# Working with Hash in C

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611 Hash is the most commonly used data structure in everyday programming. If you are a Python developer, every time you use dict or set, hash is used internally. In Perl, you call it hash using {} and in Java it’s called HashSet or HashMap.

There are different ways to save data — for example, in a variable, as arrays, as structures, and so on. Hash is yet another way to save data. So if we have a key-value pair, we can use hash for quick save and retrieval.

There are three perquisites for hashing, as given below:

• Key
• Value
• Hash function

Key: Unique data to store the value
Value: Data which needs to be associated with the key
Hash function: Function used to compute the hash code from the given key. The given hash code is the index to save the value. For each key, the hash function is expected to return a unique hash code (index). Figure 1: Each key is passed through a hash function and index values are recorded based on the outcome [https://www.tutorialspoint.com/data_structures_algorithms/hash_data_structure.htm]Hash Collision
Hash Collision is a flaw of the hash function which generates the same hash code for two different keys. As an example, we have two keys k1 and k2. If h(k1) and h(k2) generate the same hash code, how can data be stored and retrieved? A good hash function is one that minimises the collisions and spreads the records uniformly throughout the table.
There are two basic techniques to resolve this problem, rehashing and chaining.

Rehashing: Rehashing is the easiest method as it places the record in the next available position of the array. This technique is also called linear probing. If array location h(key) is already occupied by a record, then a general rehash (rh) function rh(h(key)) is called. If this is also occupied, then rh(rh(h(key))) is called. However, it is possible for the rehash function to be called in a loop indefinitely, even if there are many empty functions.

Chaining: The other method of resolving the hash clashes is called chaining. It involves keeping a distinct linked list of all the records whose keys hash to the particular value.

Figure 2 gives a nice representation of a chained hash table.

Pseudo code:

• Create an array of the structure
• Define a hash function to accept a key as the input and return the index
 Note: There are several ways to define a hash function; we have chosen a basic one.

Search function:

• Get the index by calling the hash function passing the key
• Validate if the index exists
• If it exists, loop through the index
• Match the given key looping through the linked list structure pointed to the index, to check if the key exists
• If found, return the structure address pointer
• Else return NULL

Insert function:

• Call the Search function passing the key to determine whether the given key is already present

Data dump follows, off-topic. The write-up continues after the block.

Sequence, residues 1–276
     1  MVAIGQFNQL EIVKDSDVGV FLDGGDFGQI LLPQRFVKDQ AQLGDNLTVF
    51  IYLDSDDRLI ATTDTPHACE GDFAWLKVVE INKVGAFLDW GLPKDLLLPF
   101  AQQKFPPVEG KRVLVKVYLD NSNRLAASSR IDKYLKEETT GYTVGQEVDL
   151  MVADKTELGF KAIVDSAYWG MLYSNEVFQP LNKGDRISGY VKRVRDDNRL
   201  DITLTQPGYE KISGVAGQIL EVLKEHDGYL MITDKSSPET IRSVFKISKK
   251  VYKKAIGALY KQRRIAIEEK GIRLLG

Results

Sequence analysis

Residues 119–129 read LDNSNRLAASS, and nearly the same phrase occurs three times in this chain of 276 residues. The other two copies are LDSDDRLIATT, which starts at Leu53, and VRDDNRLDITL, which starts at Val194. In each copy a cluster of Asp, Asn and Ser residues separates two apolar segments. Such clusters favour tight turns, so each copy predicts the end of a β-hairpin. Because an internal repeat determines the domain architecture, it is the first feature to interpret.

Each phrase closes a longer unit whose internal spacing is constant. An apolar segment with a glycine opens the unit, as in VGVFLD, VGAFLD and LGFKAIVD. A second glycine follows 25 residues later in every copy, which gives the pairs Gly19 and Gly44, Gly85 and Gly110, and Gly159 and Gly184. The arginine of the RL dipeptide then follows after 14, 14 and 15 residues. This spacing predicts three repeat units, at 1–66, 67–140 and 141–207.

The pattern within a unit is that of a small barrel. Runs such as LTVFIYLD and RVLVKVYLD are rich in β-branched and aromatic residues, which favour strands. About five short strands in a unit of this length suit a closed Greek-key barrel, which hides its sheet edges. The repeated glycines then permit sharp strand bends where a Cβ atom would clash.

• If it is present, override with the new value
• Else create a new entry
• Return NULL if there is no memory for the new entry

Source code:

```/* pointer array size */
#define HASHSIZE 101

/* structure to save the key and value */
struct nlist {
struct nlist *next; /* next entry in chain */
char *key; /* defined key */
char *value; /* replacement text which holds value */
}

/* pointer table to save list of structures */
static struct nlist *hashtab[HASHSIZE]

/* hash: form hash value for string s which is key */
unsigned hash(char *s) {
/* unsigned value ensures non negative */
unsigned hashval;

/* adds each character’s value of the string to form scrambled combination of the previous ones */
for (hashval =0; *s != ‘\0’; s++) {
hashval = *s + 31 * hashval;
}

/* modulo ensures the index is within the array size */
return hashval % HASHSIZE
}

/* lookup: look for s in the hash table */
struct nlist *lookup(char *s) {
struct nlist *np;

for (np = hashtab[hash[(s)]; np != NULL; np = np->next) {
if(strcmp(s, np->key) == 0) {
return np;
}
}

return NULL;
}

/* insert: add the key and value to the hash table */
struct nlist *insert(char *key, char *value) {
struct nlist *np;
unsigned hashval;

/* call the lookup function to validate if already key exists */
/* if not exists allocate the memory for the new structure */
if ((np = lookup(key)) == NULL) {
np = (struct nlist *) malloc(sizeof*np));

/* if unable to allocate memory for the structure */
/* or unable to copy key in the struct key */
/* return NULL as it no more memory could be allocated */
if (np == NULL || (np->key = strdup(key)) == NULL) {
return NULL;
}

/* get the index for the key, by calling the hash function */
hashval = hash(key);

/* point the newly created structure’s next to the existing index value’s struct */
np->next = hashtab[hashval];

/* point the current pointer to the head of the index */
/* so the newly created pointer will be pointed as first */
hashtab[hashval] = np;
} else {
/* if already the key is available, free up its value so we can override below */
free((void *) np->value);
}

/* save the value to the key’s structure */
if((np->value = strdup(value)) == NULL) {
return NULL;
}
}```
 Note: The chaining mechanism is used above to avoid hash collisions.

Applications

Now that we have discussed hash and its implementation, let’s view its common applications. In cryptography, hash functions are used to produce the hashed output from the input, which is impossible to reverse. Password verification is another important use of cryptographic hash functions. When a password is entered by the client, it is hashed and sent to the server. As the server already knows the hash of the password, it can simply compare it. If there is a middle man attack, the password is still unknown to the hacker. The Rabin Karp string search algorithm uses hashing to find a set of patterns in the string. Its real world application is to detect plagiarism.